A volatile few months for global stock markets is taking its toll on exchange-traded funds.
Almost US$18 billion fled U.S.-listed equity ETFs during the past three weeks, the most since February, according to data compiled by Bloomberg Intelligence. Investors pulled more than US$3.5 billion in the five days through Aug. 16, capping what was also the longest run of weekly withdrawals in six months.
Stocks swings have intensified in the U.S. recently, with the benchmark equity index closing at a new high July 26 only to tumble as much as 6 per cent in the weeks that followed. Investors have been put on edge by President Donald Trump’s vacillating rhetoric on trade with China and a domestic interest-rate cut that’s fanned rather than calmed global recession fears. Many have responded by taking money off the table.
“Everybody is flipping out,” said Paul Nolte, a portfolio manager at Kingsview Asset Management in Chicago. “We’ve had three down weeks of equities, we’ve seen the yield curve flatten out and fall, and investors are very sensitive to the news flow.”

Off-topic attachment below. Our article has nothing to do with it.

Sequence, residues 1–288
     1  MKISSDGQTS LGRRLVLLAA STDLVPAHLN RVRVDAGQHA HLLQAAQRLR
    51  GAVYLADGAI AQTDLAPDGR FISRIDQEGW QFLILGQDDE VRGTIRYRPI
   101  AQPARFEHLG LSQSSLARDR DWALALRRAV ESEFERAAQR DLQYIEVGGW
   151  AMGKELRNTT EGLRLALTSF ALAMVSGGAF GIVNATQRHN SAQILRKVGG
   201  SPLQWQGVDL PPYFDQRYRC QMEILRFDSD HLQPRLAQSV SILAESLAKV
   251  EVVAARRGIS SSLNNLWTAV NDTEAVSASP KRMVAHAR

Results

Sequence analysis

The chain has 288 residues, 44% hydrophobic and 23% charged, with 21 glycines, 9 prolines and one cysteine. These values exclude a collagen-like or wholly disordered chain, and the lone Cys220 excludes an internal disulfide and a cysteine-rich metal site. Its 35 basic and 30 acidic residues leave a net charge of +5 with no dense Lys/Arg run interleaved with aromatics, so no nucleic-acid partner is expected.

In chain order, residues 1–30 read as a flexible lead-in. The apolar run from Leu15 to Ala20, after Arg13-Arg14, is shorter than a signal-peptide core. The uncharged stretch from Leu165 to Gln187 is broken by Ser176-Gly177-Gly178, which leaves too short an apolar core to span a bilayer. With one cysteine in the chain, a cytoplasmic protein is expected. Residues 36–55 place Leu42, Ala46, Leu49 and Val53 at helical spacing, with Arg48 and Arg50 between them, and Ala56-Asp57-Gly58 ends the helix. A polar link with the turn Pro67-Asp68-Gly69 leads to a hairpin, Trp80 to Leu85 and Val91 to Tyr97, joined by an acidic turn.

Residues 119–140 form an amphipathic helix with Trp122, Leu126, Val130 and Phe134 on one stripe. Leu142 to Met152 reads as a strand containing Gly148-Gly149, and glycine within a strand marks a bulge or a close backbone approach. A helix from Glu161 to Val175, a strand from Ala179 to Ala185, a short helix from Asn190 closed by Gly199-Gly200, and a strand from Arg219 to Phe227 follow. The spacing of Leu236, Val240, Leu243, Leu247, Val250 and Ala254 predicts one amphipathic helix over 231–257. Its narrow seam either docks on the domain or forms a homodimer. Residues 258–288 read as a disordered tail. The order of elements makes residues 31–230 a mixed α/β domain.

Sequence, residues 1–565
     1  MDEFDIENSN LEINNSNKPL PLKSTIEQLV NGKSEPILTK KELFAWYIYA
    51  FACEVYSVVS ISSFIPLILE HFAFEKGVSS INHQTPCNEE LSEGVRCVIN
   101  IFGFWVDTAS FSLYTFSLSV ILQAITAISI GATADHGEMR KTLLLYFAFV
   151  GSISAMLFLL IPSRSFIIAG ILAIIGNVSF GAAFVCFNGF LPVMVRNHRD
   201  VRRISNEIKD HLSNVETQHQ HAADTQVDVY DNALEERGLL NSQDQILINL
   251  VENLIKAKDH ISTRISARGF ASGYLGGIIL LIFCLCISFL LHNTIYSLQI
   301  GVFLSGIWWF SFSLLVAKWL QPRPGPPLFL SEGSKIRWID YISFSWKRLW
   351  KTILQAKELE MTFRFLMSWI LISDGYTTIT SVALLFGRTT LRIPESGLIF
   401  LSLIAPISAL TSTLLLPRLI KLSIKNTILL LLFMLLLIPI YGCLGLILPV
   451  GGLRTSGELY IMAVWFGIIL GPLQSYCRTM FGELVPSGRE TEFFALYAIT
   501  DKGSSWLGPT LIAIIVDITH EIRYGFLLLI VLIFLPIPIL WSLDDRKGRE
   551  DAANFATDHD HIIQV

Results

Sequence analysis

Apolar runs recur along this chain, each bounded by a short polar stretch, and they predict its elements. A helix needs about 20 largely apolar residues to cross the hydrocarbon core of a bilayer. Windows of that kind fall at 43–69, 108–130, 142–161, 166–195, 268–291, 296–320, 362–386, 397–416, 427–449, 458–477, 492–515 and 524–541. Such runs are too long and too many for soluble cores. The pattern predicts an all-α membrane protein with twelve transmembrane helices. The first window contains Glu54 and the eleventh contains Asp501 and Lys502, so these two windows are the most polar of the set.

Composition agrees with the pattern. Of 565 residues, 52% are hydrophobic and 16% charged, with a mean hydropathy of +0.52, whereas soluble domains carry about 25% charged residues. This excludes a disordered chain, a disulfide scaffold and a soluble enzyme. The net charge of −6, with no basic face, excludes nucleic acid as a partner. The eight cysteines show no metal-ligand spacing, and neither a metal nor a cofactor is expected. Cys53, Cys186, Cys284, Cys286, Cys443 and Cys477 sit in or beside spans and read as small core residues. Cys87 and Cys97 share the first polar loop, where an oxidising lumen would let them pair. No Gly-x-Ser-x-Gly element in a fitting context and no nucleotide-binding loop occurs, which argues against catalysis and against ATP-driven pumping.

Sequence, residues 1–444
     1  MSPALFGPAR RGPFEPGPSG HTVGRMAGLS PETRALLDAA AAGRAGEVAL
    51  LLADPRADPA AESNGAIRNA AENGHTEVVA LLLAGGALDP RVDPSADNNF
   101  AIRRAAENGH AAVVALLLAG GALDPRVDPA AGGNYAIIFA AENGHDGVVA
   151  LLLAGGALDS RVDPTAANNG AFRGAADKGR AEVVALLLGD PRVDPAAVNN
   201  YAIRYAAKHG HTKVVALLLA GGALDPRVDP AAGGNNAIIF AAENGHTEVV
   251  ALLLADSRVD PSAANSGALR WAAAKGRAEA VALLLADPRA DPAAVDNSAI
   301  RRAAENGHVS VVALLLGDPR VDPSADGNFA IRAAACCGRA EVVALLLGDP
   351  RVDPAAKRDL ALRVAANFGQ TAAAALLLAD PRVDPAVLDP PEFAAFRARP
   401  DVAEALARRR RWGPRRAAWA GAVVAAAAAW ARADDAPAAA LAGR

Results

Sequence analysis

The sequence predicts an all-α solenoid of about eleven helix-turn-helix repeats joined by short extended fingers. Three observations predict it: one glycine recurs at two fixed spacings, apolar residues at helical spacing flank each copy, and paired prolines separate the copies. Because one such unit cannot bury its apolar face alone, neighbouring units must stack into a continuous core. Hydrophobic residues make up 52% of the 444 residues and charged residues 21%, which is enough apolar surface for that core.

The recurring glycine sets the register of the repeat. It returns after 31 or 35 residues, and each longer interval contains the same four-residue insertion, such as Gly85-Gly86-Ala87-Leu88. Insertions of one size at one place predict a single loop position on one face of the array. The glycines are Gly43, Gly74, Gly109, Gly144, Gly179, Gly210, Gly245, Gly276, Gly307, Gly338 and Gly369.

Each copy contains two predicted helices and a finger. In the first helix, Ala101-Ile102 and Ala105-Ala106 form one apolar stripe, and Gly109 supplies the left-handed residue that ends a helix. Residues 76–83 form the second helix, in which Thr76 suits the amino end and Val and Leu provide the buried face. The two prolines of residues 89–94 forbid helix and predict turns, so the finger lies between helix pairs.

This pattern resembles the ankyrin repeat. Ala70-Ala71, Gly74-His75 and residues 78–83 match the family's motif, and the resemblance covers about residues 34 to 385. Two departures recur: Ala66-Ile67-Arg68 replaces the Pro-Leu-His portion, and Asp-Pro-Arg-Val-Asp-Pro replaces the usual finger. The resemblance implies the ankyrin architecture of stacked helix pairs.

The outflows mark a shift for ETFs, which are typically buoyed by buy-and-hold money and have benefited from the growing popularity of passive investment strategies. While stock mutual funds have seen outflows for all but one week since February, ETFs have suffered just eight weeks of withdrawals, including the latest streak.
However, some of the worst-hit funds are those used by fast-moving traders, rather than retail investors, suggesting the outflows may not be sustained. About half of the recent cash exodus has come from the SPDR S&P 500 ETF Trust, the most actively traded equity ETF in the U.S. ETFs focused on emerging markets have also seen big withdrawals.